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Corvette C3 Forum 1968 through 1982

Get Rid of Air Pump and Cat

  #1  
Old 10-23-2018, 07:01 PM
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Default Get Rid of Air Pump and Cat

I have an '81. The AIR pump is making what sounds like a bearing noise and I don't think that it is long for this world. It looks like I have stainless steel exhaust with little air pipes welded into each port. For now, until I feel like dealing with pulling everything and putting headers on, I'd like to cap the larger port that the AIR pump hose attaches to on each side that leads to each of the four little pipes to the exhaust ports. I'd like to remove the pump. I'd like to remove the Cat convert and just replace with pipe for now.
I read that the small air pipes extend into the exhaust ports and melt/droop? Some say that is only on cast iron??
Has anyone removed the Air Pump or done this? Do the small pipes extend into the stainless exhaust ports and if so, will they melt if not removed?
I'd like to talk to anyone who has experience with this.
Thanks.
 
  #2  
Old 10-24-2018, 08:51 AM
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I can verify that the cast iron manifolds did have a extension tube going into the exhaust port and exiting at the head of the exhaust valve. The ends on mine melted and mushroomed but the extensions did not droop. When I removed the AIR manifold from the exhaust manifold, then the tubes could slide out and I put small pipe plugs into the exhaust manifold.
If you remove the cat and AIR then you will probably need to remove the computer-controlled carburetor and replace it with a conventional one. You might as well block off the EGR also while you're doing this.
 
  #3  
Old 10-24-2018, 09:21 AM
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Thank you for the reply. I'm in that no-mans land between deciding whether it is worth it to pull the exhaust, cat, pump, and then the Carb, intake, and distributor. I'm not really looking to make this 190HP engine produce any more hp, but want a dependable running car. Being a 37 year old car, I can foresee a lot of the smog and ECM/comp controlled components having trouble down the road.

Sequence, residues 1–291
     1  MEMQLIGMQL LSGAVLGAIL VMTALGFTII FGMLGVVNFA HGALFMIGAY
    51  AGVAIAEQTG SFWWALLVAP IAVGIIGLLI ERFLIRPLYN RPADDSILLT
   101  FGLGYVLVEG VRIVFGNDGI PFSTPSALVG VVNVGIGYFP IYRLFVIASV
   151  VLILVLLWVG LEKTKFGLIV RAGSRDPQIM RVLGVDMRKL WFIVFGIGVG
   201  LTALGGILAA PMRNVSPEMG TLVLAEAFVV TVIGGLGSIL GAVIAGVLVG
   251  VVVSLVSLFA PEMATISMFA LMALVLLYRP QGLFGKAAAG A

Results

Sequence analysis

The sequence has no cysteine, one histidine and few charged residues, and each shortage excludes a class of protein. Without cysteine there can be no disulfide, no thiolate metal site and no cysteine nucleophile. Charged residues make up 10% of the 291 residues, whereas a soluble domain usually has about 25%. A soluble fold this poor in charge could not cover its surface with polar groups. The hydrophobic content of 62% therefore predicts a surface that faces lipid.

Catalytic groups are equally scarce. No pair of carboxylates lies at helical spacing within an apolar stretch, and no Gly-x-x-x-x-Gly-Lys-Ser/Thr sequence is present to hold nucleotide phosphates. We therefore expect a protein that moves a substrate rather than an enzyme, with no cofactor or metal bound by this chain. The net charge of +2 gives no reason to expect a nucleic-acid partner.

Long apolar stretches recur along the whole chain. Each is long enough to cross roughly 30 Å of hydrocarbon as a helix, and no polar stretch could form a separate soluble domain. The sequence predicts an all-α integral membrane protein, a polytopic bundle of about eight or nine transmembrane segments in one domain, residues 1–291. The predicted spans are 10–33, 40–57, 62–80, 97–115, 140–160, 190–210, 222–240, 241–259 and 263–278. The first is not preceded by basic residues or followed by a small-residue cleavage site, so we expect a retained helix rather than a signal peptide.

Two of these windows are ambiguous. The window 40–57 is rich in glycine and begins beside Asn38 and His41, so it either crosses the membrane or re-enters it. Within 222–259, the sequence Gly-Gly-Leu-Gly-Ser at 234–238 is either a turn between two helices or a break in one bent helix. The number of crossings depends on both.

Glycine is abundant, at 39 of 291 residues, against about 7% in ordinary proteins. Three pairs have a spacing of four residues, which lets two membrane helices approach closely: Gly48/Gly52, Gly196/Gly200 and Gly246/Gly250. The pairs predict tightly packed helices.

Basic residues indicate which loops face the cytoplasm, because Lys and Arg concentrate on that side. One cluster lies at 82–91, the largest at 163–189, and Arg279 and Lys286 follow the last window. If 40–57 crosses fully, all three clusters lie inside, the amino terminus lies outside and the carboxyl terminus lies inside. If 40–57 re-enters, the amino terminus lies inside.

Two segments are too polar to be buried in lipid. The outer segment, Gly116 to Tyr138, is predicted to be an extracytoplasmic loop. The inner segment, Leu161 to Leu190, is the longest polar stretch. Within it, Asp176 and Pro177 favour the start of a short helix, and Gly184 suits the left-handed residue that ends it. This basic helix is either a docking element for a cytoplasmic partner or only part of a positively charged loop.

At this particular moment, I ask myself? Should I buy a rebuilt AIR pump and leave things alone? I have a guy that answers tech questions from Ecklers telling me that he has a case of still in the box, (with white fan) AIR Pumps from the mfg. But, how do I know what I'm really getting? No warranty, etc... Almost everyone tells me to pull the Cat and pipe it at the very least. One guy told me to just run a heater hose from the air manifolds on each side where the hose from the AIR pump connects to the check valve?? Says he had the same rig and it worked for him. Isn't the issue keeping the pipe inserts from melting by having the air from the pump flow through?
Although I am confident that I can do the work, my concern is that I don't know what the affects will really be. I keep getting one person saying it's OK to do this or that, then another turns around and says this or that will cause other problems. I've built numerous carb/hei sbc's and have avoided comp controlled and smog stuff, and am confident that I can do the actual work, but I don't have the confidence to know what affects. I'm hoping to find someone with legit tech knowledge about this.